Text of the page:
The risk that the tail of the all-new Lockheed Martin F-35 Lightning II multipurpose fighter might collapse at supersonic speeds, has forced military authorities to modify the flight regulations for that ship.
There will be no structural improvements to its fuselage or other actions to fix the already discovered technical problem, they said at the Pentagon in a message sent last Friday to the Defense News website. Simply put, pilots will be advised to only overcome the Mach barrier for very short periods.
The matter was filed last December “under the category ‘no plans to correct’ (the flaw)”, due to the high costs that the full repair would have entailed, according to the official response. A review of the aircraft’s length and some materials would be essential, as well as subsequent flight tests.
In the middle of the year 2019, the medium already denounced the problems of the fuselage and the stealth coating and realized that the solution conceived by the military was to set a limit of less than a minute for accelerations to Mach 1.3. Since then, it has only become obvious that the Pentagon is unwilling to undertake anything to make the plane justify it’s ‘Lightning’ name again, which means ‘lightning’.
Officials say the supersonic flight is not that important to a fifth-generation fighter, an optimism some experts don’t share.
Defense News picks up the comment from a retired naval aviator, who last year said those limitations could be deadly in direct combat scenarios. The operational idea for the F-35 is to destroy the enemy aircraft before it can detect it and engage in combat, but it is not feasible to always rely on that option.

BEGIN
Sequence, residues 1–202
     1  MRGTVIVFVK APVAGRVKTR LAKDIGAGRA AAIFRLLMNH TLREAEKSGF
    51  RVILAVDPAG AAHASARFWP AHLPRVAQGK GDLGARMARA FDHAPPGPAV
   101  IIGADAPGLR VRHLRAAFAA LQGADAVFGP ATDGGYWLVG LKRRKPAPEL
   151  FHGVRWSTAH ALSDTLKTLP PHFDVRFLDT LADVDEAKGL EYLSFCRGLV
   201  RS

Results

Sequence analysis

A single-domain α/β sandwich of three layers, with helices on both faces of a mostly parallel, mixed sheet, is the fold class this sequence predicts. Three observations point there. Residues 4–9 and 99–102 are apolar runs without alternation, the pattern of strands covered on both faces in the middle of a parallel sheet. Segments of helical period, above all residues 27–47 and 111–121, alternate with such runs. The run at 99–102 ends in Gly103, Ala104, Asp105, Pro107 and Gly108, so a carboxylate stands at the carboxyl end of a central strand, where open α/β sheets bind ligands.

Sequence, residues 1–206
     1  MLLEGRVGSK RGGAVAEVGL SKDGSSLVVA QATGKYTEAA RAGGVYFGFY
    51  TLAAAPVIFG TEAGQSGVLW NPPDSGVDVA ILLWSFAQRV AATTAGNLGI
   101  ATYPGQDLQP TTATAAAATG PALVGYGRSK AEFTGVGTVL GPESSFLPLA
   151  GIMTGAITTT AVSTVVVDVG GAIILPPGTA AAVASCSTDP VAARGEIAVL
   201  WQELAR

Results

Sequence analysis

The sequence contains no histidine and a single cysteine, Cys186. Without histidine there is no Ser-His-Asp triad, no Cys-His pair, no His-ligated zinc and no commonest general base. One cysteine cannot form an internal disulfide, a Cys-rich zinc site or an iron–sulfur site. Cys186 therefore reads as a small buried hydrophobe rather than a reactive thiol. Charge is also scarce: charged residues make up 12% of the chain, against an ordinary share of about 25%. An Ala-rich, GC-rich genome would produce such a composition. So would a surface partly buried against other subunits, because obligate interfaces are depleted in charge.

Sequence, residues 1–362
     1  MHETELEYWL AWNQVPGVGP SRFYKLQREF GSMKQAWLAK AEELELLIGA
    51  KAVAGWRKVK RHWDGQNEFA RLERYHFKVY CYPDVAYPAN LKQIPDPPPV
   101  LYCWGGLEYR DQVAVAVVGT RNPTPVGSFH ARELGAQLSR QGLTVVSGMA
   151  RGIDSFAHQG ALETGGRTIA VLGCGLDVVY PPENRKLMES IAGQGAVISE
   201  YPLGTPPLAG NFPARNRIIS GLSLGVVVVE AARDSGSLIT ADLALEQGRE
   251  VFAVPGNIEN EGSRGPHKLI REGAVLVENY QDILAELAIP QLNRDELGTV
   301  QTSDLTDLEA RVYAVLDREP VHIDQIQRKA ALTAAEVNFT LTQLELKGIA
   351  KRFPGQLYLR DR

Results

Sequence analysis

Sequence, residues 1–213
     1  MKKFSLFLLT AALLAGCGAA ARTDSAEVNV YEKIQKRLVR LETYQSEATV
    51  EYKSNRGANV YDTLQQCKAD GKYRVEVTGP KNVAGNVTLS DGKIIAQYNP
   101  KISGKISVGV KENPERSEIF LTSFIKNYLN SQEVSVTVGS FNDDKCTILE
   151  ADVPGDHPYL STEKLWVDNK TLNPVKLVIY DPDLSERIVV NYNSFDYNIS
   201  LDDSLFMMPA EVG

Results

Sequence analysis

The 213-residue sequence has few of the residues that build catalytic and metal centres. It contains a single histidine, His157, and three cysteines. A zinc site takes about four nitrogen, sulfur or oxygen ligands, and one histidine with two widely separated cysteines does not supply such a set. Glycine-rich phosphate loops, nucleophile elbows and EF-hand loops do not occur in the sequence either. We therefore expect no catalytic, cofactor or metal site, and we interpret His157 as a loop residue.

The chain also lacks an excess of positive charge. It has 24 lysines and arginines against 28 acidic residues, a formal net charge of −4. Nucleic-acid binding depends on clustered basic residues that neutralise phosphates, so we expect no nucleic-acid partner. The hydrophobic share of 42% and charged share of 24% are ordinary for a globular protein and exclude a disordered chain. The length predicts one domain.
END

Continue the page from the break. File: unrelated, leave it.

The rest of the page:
The veteran cited the experience of the Vietnam War when military aviation relied heavily on missiles and put aside his “front weapon,” something that caused additional deaths in air-to-air battles.
An analyst from the Russian media Svobódnaya Pressa (‘Free Press’) described what happened on Tuesday as a “real condemnation for the F-35, as a fifth-generation fighter.” Distinguished Russian military pilot Vladimir Popov explained, in statements to RIA Novosti, that the ability to maintain stable flight at supersonic speed is one of the most important characteristics for this class of aircraft.
In his opinion, the defect is exposed at the end of the combat: “If all the ammunition is depleted in the attack, the value of the aeroplane as a combat unit tends to zero,” he said. “In this case, the pilot’s primary task is to break free of the chase and land safely on his airfield. If he has a supersonic regime, it is much easier to do so.”
In trying to make a more efficient aircraft “what came out came out” and the F-35 “resulted not from multiple regimes,” Popov summarized.